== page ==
Cellular Biology

How Gametes are Produced in Meiosis



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Through meiosis, sexually reproducing organisms create gametes that house half of their genetic material. These gametes are then combined with the gametes of their mate to form the first cell of the offspring organism. It allows for stable reproduction producing two half sets of the genome so that, through reproduction, a complete functional genome is built in the offspring.

Meiosis occurs in all eukaryotes that utilize sexual reproduction. In animals, gametes are produced, such as eggs and sperm. For plants and fungal species, meiosis results in spores. Prokaryotes and some parthonogenic eukaryotes do not use meiosis and instead are capable of reproducing without mates, whether through self-fertilization or binary fission.

The process of meiosis looks very similar to the cycle of mitosis by which somatic, or non-reproductive, cells divide. The first two steps in the process are identical to those of mitosis, and result in replicated chromosomes. After the S phase, meiosis deviates to produce haploid cells, or cells with only one of each pair of the parent organism's chromosomes. Unlike mitosis, which is cyclical and results in the production of new somatic cells, meiosis ends at the final stage, as the gametes cannot further divide to produce any viable cells.

MEIOTIC PROCESS

Growth Phase (G1) - The cell goes through a rapid growth in anticipation of future division. Proteins are rapidly produced to fill the cell to capacity. In this stage, the cell is 2N, as it has two of each chromosome.

Synthesis Phase (S) - The genetic material is replicated. The cells are still 2N, as the number of chromosomes is identical to G1, but each chromosome is doubled in size and has a pair of sister chromatids.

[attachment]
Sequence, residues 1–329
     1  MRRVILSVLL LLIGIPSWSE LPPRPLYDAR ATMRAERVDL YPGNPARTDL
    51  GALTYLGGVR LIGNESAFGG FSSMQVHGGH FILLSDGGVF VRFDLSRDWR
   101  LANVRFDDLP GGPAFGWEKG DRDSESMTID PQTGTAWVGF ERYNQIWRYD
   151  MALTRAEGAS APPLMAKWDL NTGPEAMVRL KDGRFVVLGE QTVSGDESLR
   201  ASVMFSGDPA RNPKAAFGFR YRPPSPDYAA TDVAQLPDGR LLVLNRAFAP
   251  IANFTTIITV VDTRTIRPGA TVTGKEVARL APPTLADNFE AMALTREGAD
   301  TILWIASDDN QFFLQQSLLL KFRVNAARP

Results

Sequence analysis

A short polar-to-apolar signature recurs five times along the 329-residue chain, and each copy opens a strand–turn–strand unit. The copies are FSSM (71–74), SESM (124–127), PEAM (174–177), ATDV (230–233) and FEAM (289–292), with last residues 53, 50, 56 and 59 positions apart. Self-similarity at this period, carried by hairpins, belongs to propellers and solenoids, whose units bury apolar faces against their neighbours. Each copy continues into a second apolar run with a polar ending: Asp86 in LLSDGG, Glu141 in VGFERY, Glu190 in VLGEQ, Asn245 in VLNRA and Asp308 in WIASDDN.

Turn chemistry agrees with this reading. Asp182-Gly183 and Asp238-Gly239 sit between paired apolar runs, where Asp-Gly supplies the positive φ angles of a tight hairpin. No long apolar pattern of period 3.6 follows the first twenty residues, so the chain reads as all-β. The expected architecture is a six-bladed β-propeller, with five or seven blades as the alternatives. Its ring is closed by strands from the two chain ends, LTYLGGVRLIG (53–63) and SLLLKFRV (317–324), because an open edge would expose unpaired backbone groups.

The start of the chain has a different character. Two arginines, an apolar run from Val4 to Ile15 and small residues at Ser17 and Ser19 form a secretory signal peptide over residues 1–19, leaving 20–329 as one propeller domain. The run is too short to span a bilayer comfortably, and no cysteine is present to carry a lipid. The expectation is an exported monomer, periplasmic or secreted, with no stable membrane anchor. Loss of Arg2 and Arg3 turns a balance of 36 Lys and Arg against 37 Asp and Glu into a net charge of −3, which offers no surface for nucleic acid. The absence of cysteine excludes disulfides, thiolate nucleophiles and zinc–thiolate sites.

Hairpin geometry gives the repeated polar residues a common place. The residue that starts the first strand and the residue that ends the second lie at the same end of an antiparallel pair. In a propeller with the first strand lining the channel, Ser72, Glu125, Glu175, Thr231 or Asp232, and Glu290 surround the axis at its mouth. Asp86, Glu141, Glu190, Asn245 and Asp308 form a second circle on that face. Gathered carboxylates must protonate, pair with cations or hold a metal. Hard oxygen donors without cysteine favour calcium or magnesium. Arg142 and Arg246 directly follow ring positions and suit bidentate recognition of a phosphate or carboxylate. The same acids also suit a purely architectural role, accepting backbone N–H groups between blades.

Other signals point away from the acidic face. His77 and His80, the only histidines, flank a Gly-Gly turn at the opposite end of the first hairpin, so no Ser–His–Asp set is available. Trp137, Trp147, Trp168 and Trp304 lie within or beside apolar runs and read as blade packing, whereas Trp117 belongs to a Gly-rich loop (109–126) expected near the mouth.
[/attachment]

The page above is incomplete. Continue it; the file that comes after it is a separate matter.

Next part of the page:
Prophase I - Here DNA is exchanged between homologous chromosomes through recombination. Similar stretches of DNA cross and break, leaving each chromosome slightly reorganized. This is often described as a step that introduces genetic diversity into offspring.

Metaphase I - Pairs of homologous chromosomes line up along the metaphase plate, with kinetochore microtubules attaching to the kinetochores of each chromosome.

Anaphase I - The microtubules shorten, pulling homologous chromosomes apart and to opposite ends of the cell.

Telophase I - With the chromosomes on opposite ends of the cells, the cell splits down the middle. This creates two cells, each with only one of each chromosome (haploid, N).

Prophase II - Chromatids thicken in preparation for another division.

Metaphase II - Spindle fibers attach to the kinetochores of each chromosome again.

Anaphase II - Centromeres holding the sister chromatids together are broken and the fibers pull each chromatid to opposite ends of the cell.

Telophase II - The cell splits again, leaving 4 total new cells, each with one sister chromatid of each chromosome (haploid, N). These are the gametes or spores for reproduction.

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